Many older Americans are attracted to the Medicare Advantage program because it can offer extra benefits, such as dental care, that the traditional program doesn't offer.

America's Health Insurance Plans, an industry trade group, has worked to build an active network of supporters through its Coalition for Medicare Choices. Separately, the nonprofit Better Medicare Alliance does similar work on behalf of insurers Aetna, Humana and UnitedHealth as well as medical specialty and business groups.

Also working to block reductions to Medicare Advantage is the nonprofit conservative American Action Network. This group last month announced a $500,000 ad campaign to target lawmakers, with an aim of stopping the proposed changes to the Advantage plans to which employers contribute.

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Panel Approves Path for Overhaul of Medicare Post-Hospital Pay

By Kerry Young, CQ Roll Call

April 7, 2016 -- Congressional advisers on Thursday approved recommendations for overhauling Medicare's fragmented approach to paying for treatment for people recovering after hospital stays for serious surgeries and illnesses.

Members of the Medicare Payment Advisory Commission (MedPAC) voted unanimously by a show of hands to approve a report on the initial steps needed to move toward creating a unified payment for so-called post-acute care. They discussed the broad themes of this work, but left many of its details to be revealed when the report is published in June.

MedPAC member Jack Hoadley described the commission's report as a guide for a future overhaul of payments for post-acute care.

"I hope it does happen and that it does happen as quickly as possible," said Hoadley, a Georgetown University researcher.

Medicare payments for post-hospital care more than doubled, to $59 billion, between 2001 and 2013 despite concerns about fiscal waste. The absence of clear guidelines on appropriate post-hospital care is seen as one of the reasons for this growth. People can be assigned fairly randomly now to care in one of four tracks: skilled nursing centers, specialty inpatient rehabilitation centers, long-term care hospitals and services provided at home. Medicare often pays more in certain settings for care of similar patients, without establishing if there is an advantage to the more expensive care.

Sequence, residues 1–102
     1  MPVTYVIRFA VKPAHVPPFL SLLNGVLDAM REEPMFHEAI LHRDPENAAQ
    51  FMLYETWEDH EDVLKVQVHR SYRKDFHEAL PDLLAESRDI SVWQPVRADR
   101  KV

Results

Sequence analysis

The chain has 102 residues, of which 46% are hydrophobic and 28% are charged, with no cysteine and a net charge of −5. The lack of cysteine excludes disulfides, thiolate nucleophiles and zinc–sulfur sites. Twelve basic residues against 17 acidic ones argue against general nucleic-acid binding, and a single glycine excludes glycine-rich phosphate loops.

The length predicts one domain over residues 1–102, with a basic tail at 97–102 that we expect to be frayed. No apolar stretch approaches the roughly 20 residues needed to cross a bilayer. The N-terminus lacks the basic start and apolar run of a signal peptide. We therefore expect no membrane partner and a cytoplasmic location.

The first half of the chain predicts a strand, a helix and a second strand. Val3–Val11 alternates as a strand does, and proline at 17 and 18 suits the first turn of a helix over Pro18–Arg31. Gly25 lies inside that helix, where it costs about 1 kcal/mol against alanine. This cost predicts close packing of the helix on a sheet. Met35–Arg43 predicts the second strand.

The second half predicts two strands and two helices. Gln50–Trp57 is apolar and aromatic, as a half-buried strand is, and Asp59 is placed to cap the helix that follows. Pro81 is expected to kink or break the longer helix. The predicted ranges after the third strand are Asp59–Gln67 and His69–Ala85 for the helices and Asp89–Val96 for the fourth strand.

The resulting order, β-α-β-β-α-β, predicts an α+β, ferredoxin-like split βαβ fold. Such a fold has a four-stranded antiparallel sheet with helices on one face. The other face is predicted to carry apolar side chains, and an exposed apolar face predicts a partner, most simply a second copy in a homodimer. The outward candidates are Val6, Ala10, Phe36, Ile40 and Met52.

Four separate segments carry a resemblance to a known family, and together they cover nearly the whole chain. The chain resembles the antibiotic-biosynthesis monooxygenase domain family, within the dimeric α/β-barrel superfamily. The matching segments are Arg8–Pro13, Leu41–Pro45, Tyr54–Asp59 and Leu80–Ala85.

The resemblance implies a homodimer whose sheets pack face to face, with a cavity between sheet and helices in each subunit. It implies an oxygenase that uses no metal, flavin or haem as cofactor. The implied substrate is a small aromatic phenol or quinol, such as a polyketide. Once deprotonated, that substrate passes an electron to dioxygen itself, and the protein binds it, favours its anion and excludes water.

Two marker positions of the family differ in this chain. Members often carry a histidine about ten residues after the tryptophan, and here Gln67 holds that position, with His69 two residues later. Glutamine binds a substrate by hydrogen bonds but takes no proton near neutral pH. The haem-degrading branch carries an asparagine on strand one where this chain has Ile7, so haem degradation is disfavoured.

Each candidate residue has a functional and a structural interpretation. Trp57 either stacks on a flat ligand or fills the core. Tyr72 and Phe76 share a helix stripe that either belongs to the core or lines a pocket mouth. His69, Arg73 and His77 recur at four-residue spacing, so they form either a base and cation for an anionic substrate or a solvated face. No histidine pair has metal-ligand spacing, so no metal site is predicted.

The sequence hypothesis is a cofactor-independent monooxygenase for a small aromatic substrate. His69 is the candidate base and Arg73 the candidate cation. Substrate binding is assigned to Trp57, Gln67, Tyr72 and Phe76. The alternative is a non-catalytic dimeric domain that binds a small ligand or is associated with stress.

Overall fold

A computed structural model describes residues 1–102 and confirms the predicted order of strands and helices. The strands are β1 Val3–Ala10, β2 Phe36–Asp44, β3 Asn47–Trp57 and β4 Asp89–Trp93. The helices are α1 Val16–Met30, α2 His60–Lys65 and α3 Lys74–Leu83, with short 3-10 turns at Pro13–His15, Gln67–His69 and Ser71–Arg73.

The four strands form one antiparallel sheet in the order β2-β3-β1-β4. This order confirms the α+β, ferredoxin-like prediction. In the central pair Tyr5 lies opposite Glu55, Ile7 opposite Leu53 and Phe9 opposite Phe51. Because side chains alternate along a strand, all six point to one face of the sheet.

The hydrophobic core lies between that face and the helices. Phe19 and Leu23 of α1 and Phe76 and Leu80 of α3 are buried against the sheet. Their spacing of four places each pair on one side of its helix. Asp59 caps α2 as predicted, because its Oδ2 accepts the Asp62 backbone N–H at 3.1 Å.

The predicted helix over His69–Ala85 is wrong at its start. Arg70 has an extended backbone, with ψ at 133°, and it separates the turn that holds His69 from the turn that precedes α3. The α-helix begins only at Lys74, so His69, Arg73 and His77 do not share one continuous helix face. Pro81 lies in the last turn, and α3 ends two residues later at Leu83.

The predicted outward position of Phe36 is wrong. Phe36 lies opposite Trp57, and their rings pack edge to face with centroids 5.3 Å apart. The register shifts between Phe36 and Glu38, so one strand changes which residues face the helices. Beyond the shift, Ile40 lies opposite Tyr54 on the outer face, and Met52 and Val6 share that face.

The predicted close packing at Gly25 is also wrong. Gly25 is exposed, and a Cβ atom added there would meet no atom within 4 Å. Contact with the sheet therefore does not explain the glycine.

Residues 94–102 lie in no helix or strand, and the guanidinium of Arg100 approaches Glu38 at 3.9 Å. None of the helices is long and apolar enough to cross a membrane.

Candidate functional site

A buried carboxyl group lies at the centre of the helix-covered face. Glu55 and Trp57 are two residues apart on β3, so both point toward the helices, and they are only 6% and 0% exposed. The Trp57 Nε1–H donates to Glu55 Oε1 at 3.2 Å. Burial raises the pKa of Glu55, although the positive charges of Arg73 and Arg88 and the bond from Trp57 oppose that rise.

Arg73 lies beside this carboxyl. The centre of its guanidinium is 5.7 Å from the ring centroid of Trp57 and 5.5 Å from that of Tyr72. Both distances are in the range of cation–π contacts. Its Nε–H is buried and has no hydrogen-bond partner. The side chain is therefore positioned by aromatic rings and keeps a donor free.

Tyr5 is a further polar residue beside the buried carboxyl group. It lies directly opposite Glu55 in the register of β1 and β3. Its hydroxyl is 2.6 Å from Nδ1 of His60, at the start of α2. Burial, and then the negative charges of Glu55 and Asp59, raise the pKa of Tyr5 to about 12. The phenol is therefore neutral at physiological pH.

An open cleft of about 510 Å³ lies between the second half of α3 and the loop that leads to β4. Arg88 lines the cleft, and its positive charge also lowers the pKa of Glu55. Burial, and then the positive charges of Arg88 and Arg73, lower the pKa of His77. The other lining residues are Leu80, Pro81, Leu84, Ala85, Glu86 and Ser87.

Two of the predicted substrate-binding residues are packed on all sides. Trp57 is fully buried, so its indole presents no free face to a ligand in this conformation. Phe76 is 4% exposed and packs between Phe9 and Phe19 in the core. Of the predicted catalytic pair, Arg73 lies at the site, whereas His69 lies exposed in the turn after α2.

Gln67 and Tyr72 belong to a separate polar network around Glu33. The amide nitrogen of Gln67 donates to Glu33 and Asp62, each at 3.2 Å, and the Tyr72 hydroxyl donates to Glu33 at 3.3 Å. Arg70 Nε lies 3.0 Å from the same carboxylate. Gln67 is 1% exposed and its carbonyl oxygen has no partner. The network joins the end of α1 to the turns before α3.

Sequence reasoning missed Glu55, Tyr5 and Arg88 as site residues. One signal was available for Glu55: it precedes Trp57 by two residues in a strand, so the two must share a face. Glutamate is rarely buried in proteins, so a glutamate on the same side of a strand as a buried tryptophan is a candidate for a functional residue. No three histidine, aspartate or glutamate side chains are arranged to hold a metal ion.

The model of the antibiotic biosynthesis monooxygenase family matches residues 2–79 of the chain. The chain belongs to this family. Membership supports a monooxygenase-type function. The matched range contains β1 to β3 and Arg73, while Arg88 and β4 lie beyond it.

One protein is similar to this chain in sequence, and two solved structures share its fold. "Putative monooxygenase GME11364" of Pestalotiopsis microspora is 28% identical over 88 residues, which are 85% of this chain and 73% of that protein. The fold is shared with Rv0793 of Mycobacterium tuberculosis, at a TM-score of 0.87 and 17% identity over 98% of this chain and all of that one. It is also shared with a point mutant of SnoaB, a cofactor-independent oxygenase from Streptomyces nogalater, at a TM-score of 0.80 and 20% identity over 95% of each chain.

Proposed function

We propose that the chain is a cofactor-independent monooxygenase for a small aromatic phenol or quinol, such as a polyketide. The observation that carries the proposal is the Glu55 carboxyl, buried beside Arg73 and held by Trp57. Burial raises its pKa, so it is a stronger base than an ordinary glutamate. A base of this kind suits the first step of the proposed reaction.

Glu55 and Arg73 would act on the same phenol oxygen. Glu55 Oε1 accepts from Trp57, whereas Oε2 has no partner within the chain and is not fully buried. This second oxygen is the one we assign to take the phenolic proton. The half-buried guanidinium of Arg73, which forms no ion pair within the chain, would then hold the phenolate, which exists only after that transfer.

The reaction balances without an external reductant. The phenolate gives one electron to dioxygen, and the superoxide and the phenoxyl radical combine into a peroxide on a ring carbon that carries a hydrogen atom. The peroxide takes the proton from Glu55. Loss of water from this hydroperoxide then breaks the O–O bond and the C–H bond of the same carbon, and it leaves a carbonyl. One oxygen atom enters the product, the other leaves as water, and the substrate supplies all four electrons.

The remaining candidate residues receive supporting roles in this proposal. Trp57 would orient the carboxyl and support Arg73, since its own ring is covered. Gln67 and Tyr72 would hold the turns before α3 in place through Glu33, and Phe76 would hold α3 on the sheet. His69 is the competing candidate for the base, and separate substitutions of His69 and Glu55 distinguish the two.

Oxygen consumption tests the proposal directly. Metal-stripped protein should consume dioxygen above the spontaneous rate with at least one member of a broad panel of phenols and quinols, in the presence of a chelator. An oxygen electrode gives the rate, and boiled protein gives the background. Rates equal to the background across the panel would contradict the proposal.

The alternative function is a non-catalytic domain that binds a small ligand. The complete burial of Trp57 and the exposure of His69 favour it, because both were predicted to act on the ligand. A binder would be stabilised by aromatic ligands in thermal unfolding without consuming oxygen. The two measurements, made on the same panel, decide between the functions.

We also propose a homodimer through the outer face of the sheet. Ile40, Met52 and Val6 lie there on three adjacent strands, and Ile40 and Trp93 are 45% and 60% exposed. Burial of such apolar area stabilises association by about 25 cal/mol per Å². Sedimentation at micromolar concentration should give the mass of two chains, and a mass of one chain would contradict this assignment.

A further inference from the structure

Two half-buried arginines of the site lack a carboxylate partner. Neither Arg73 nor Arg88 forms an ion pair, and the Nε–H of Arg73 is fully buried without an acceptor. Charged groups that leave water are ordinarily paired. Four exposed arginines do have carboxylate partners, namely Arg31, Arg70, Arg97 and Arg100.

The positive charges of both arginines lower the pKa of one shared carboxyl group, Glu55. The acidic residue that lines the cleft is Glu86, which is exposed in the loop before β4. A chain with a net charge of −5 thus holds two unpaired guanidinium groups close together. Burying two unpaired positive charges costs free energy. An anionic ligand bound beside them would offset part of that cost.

Medicare officials and lawmakers may want to use an overhaul of payments to shift the program's goals, according to MedPAC commissioner William J. Hall, a geriatrician and professor at the University of Rochester. An overhauled approach may need to weigh more carefully how well people maintain the abilities of daily life. 

"The purpose of health care is really to help people stay independent," Hall said Thursday.

Among the ideas discussed at the meeting was the possible need for a measure of hospital readmissions for frail people treated in post-acute settings.

Congress and Centers for Medicare and Medicaid Services (CMS) may act more quickly to overhaul post-acute payments than would be expected under the framework that lawmakers created last year in legislation (PL 113-185) that stretches the timetable of an overhaul into the next decade. MedPAC members previously raised concerns about this timeline.

The law mandates MedPAC to publish ideas for a payment overhaul--through the report the panel approved Thursday--by June 2016. The Department of Health and Human Services then must issue another report by 2022. MedPAC must respond by around 2023 with a design for a new post-hospital payment.

Lawmakers in search of an offset for a future budget deal next year or beyond may be tempted to mandate changes in post-acute care that could save Medicare funding and allow more spending elsewhere in the federal government. For now, Congress seems unlikely to soon take up legislation specifically to make major changes in Medicare, despite the deep interest of House Ways and Means Chairman Kevin Brady, R-Texas, in the field of post-acute care.

CMS could take the lead in these efforts.

Its Comprehensive Care for Joint Replacement Model addresses one of the biggest areas in post-acute care, which is how people on Medicare recover after hip and knee replacements, the most common inpatient surgery among people on Medicare. The program paid more than $7 billion for more than 400,000 procedures in 2014.